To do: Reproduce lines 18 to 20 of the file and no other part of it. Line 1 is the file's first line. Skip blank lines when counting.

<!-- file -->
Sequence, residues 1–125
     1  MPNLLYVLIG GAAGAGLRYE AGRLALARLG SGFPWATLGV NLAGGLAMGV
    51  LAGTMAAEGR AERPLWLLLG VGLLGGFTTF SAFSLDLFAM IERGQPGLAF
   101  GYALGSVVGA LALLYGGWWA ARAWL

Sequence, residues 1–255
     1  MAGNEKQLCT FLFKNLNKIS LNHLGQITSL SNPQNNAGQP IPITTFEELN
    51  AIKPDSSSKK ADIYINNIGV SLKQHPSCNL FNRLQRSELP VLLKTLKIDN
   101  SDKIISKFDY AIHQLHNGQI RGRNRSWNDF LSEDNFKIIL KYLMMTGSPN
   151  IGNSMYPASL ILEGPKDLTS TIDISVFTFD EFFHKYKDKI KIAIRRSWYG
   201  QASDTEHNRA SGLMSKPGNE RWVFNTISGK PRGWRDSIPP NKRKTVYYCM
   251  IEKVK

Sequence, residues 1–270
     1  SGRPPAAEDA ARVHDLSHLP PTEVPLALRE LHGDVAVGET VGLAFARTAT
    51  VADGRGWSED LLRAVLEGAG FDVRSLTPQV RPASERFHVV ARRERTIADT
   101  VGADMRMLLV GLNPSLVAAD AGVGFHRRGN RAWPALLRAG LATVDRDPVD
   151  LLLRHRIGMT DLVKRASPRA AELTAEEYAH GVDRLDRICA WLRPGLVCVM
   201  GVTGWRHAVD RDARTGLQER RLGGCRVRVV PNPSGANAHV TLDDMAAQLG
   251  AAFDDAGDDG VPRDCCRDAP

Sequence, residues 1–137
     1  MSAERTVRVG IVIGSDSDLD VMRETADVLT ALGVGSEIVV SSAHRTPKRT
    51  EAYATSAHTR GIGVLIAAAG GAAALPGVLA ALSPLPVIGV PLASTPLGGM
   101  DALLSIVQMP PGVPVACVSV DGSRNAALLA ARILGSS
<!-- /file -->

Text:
   251  AAFDDAGDDG VPRDCCRDAP

Sequence, residues 1–137
     1  MSAERTVRVG IVIGSDSDLD VMRETADVLT ALGVGSEIVV SSAHRTPKRT